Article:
A serious discussion of Eurovision. No really, I'm annoyed.

There was a bitter tone to Terry Wogan's commentary on the Eurovision Song Contest last night. For the first time in years, he actually didn't sound like he was really enjoying himself -- I think he even said at one point as the Eastern Bloc voting really hit that it simply wasn't as much fun anymore, and you can't but agree. With the western European countries knocked out in the semi final you're left with a vote that, with the winner as perfect evidence, has little to do with the quality of the actual music and more to do with national brotherhood.

It was always thus of course -- the Scandinavian countries always congratulated one another and it'll be a cold day in Athens when Cyprus doesn't fork over twelve points to Greece. But this just seems even more insidious, especially since, with that semi-final system it's a process which is bound to be repeated year on year, until, and I suspect if any more countries join it can't be too long, there are two semi-finals (lord help us) one for each end of the continent.

Of course, you can't take the thing too seriously when an Ukrainian Christopher Biggins lookalike wrapped in bacofoil is the favourite. But there does seem to be some attempt being made of late to at least present some kind of musical diversity, even if the genres on display have little or nothing to do with their origin countries. I love that in the midst of the trashy europop you can hear the likes of jazz, blues, opera (sort of) rock and swing and those entries were perhaps the most credible coming from the last two.

Finland's Leave Me Alone sung by Hanna Pakarinen was less ROCK! than last year's Lordi but the woman had a powerful voice and it was refreshing for there not to be a drum machine anywhere in the track for once. But the most curious and probably success was from Germany, a full on swing number Frauen Regier'n Die Welt sung by Roger Cicero, a name that's difficult to forget, since it was blasted across the massive electronic backdrop.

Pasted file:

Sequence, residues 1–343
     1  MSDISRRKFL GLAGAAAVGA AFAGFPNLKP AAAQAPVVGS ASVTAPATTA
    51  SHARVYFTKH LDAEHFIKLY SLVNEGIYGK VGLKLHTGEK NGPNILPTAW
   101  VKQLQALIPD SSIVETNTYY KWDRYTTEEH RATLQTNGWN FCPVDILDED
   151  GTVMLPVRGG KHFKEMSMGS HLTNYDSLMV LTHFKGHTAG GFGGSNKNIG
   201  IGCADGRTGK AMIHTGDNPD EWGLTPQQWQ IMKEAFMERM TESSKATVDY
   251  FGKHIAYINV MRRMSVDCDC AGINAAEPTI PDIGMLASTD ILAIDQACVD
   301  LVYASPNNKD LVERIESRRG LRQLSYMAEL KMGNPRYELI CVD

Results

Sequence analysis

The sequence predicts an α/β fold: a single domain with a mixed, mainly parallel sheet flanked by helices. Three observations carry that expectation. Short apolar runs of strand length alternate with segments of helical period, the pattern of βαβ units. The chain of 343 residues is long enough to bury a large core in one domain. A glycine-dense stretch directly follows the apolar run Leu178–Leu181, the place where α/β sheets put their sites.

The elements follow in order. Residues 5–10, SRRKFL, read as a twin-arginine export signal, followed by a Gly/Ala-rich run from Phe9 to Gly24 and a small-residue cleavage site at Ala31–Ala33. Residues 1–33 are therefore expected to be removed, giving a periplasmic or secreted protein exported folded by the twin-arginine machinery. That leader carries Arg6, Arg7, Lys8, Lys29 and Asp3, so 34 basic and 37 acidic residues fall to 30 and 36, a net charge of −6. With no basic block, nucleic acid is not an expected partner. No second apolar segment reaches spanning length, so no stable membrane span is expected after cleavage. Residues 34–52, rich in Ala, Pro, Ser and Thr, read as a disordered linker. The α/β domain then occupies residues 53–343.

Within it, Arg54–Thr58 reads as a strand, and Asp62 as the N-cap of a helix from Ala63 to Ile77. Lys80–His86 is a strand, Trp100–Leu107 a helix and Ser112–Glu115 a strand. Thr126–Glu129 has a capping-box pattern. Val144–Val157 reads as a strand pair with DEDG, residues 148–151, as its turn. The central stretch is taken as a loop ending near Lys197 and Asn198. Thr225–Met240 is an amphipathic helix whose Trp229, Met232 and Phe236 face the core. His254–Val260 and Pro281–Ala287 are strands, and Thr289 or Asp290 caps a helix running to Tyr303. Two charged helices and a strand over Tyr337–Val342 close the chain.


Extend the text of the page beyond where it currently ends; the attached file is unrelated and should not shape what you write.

The reason it stood out is because despite being sung in the native tongue, it actually sounded like the real thing not the synthesised version that can be Eurovision's stock in trade, a real band on stage who could obviously play and there was a practiced cohesion to the thing which other performances lacked.

As soon as this foursome won the song for Europe thing, we were on to a loser. Big Brovaz were obviously the best group there. The problem with the Scooch entry is that like the French entry, it was so carefully crafted to fulfill a formula, an expectation of what a Eurovision song is supposed to sound like, all pop and costumes and high camp. It was silly. It was inane. And in the cold hard light of day it was a mistake.

Since I'm apparently misguidedly taking this analysis seriously, by fielding an entry like this, we were essentially giving viewers in other countries a reason not to vote for us. As has been demonstrated year on year since the turn of the millennium, the rest of Europe hates us. But I have a feeling that if we actually pitched up with something rather good, and importantly sincere, we might have a fighting chance at the top ten.

As it stands when the only marks we get are a seven from Ireland (who came last) and twelve from Malta (because, I have on authority, of the second world war) we're in a hole that we'll never find our way out of. I've always enjoyed the Eurovision Song Contest, but it really is more fun if you have an entry you can get behind, but if we continue to enter the likes of Daz Sampson and Scootch we might as well withdraw and leave the rest of Europe to it.


  1. Be sure that Malta gave you 12 points because you deserved it! Maltese don't bias their votings as most countries do!

    Be sure that no one would have WW2 in mind while wathing Eurovision! :)

  2. I am such a gorm that I didn't even notice the "tactical" voting until my husband pointed it out (the year Dana International won, 1999, I think). Since then I haven't been able to watch it. What's the point?

    (And this from a girl who used to tape it with her cassette recorder and learn all the songs, even the ones in "foreign"!)